UPDATED 11/1/16: The Grammar Way. They are lessons of life that dictate every decision that I made and continue to make. Whether we learn humility by failing miserably at Mr Grover’s exams, or respect by being dazzled by Mr Lee’s dancing, The Grammar Way shapes us into proud courageous leaders.
When we talk about having Pride, we talk about Old Boys who have been touching the lives of thousands from every corner of the globe. We talk about all the shields and trophies that our top-tier academics and athletes attain every year. But we as Grammar men, who will listen, learn and lead in the years to come, truly struggle to understand what Pride really means.
Pride is not calling each other “faggots” or using “gay” synonymously with stupid.
Pride is not denying weakness and vulnerability for the sake of “manning up” or not looking like a “sissy”.
Pride is not struggling to get out of bed every morning for five years because young LGBTQIA-identifying Grammar men cannot speak about their genuine emotions.
I did not come out as gay until eight months after I graduated because I could not uphold both my sexual orientation and my Grammar identity simultaneously. People may be surprised to hear that I was bullied since middle school and for a few years at Grammar for often “acting gay”.
Why should we care about this? Because people like me are dying. Suicide is real.
I have personally dealt with several attempted suicides among my friends, some of whom have felt their existence as an LGBTQIA youth was worthless. No one should go through such affliction, but young Kiwi gay men are going through it right now.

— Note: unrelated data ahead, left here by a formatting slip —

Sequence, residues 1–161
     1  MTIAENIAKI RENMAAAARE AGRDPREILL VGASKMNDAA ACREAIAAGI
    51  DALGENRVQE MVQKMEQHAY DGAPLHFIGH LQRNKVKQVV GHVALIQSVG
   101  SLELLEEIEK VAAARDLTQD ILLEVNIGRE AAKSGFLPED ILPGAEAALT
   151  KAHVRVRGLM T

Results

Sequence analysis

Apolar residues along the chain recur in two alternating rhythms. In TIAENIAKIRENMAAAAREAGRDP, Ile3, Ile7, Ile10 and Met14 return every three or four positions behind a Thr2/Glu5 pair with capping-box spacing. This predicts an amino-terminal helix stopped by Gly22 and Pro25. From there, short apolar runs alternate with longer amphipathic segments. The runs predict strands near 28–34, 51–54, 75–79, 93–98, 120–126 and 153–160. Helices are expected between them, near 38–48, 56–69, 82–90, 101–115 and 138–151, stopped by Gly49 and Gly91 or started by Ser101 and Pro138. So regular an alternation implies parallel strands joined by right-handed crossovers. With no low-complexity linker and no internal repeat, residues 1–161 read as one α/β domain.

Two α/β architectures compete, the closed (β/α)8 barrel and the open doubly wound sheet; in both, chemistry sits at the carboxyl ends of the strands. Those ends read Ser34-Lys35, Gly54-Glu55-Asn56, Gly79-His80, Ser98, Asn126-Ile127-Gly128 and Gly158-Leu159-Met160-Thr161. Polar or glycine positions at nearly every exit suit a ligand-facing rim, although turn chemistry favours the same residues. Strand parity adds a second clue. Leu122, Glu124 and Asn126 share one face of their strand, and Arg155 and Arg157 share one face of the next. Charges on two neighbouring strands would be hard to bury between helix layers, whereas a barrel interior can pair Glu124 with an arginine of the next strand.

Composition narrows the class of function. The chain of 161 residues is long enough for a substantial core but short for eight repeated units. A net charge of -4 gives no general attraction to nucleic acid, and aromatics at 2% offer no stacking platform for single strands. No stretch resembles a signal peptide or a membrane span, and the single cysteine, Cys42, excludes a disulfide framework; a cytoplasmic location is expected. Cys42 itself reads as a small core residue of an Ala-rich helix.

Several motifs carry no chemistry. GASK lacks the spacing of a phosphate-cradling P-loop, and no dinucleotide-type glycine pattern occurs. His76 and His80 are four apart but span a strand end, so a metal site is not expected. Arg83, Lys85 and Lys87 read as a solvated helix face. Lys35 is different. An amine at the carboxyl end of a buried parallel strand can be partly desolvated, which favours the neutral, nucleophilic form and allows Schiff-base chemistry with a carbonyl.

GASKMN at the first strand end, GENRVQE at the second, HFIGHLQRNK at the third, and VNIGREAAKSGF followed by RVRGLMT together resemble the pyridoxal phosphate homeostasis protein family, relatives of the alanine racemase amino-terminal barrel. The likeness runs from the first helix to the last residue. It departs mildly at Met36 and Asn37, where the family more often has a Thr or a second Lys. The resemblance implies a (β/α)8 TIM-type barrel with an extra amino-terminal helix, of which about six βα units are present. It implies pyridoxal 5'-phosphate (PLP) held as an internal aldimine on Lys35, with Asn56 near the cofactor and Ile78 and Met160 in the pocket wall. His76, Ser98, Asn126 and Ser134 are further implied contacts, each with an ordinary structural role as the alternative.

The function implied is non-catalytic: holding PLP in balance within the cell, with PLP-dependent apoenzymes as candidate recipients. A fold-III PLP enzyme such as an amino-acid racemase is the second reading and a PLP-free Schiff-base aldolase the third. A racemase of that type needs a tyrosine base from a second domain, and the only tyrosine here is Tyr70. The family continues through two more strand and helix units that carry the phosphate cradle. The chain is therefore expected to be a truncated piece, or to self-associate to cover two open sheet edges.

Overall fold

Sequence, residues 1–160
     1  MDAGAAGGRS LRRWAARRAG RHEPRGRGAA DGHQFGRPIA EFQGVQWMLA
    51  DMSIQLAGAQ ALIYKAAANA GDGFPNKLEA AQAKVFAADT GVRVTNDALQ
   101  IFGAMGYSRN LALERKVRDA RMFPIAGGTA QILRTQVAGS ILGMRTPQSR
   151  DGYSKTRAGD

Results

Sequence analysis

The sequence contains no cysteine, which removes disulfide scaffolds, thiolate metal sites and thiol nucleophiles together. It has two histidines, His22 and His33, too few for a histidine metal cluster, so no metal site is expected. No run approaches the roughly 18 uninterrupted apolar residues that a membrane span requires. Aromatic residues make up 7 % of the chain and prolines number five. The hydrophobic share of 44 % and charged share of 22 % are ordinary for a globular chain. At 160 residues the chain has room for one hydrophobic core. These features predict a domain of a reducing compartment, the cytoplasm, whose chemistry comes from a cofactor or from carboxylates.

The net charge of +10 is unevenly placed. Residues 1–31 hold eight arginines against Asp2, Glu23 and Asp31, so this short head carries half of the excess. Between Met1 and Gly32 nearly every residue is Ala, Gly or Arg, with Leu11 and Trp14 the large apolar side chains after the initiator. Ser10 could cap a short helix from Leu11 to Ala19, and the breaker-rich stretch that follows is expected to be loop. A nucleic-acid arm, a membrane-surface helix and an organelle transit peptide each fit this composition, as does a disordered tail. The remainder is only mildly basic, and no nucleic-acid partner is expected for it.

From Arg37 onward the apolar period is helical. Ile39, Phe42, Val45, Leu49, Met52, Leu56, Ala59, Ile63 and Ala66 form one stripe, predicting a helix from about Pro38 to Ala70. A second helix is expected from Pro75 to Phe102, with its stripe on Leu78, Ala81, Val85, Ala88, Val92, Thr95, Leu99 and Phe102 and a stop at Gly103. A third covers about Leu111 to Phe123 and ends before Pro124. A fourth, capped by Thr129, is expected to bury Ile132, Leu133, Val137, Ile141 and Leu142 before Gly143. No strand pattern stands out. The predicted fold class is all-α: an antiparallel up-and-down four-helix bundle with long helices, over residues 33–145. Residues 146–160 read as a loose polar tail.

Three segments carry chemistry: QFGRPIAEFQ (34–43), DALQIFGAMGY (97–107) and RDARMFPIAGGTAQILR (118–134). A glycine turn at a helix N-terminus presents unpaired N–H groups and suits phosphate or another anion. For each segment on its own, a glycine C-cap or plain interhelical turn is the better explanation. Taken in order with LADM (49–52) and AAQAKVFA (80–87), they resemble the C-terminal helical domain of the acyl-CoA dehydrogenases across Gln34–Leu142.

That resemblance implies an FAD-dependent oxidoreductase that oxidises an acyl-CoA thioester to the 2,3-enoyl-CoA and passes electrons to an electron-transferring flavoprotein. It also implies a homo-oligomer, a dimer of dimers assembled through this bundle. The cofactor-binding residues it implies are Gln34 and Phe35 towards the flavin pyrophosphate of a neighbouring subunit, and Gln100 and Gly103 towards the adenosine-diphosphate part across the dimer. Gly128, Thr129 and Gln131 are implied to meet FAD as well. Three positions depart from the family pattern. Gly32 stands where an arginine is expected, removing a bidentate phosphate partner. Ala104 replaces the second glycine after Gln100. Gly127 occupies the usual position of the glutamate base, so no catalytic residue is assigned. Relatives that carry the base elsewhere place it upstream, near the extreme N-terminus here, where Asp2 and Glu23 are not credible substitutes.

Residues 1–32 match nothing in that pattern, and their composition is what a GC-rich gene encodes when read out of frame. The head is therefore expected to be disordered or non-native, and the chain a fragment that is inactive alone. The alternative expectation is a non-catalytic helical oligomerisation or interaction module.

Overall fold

To the Grammar men who currently or may identify as LGBTQIA, we are fighting by your side to have your voices heard. They deserve to be heard, and they will be heard. Speak loudly and take Pride in who you are and who you can be. Success is by no means defined by sexuality: there are many LGBTQIA men who have graduated before you and are changing the world as we see it. If you are ever feeling depressed or suicidal, find help before you do anything you will regret. Please, talk to me, talk to your closest friends, talk to Mr McKain. Building a tight network of support to bounce thoughts off or to unload after a stressful day is incredibly useful.
To everyone at Grammar, think before we act. We can betray the trust of our friends in a heartbeat when we say something off-hand that may be nothing to you, but hurtful to someone else. The Grammar Man is compassionate, loyal to fellow friends and has the integrity to do what is right, and that begins with listening with respect and empathy. Boys become men when they realise that masculinity is not about denying, but embracing their feelings and emotions.
LGBTQIA youth are suffering as we speak. Students, like me three years ago, who appear ostensibly composed, can be struggling to grapple with much deeper issues. Please reach out to me or someone close if this is you.
Three years after graduating, life is more vibrant than ever. University is all about exploring identity and celebrating diversity. Students from all backgrounds are bound together by the pursuit of ethical inquiry and global citizenship. I’m very excited to see what this year will bring as the Headmaster and the student body have put forth fantastic initiatives that will support our LGBTQIA peers and spark discussion and change around the nation.
Per Angusta Ad Augusta.
Henry is 20 years old, studying Electrical and Computer Engineering and Computer Science at Duke University in Durham, North Carolina. Henry graduated from Auckland Grammar School as Dux and Senior Prefect in 2012.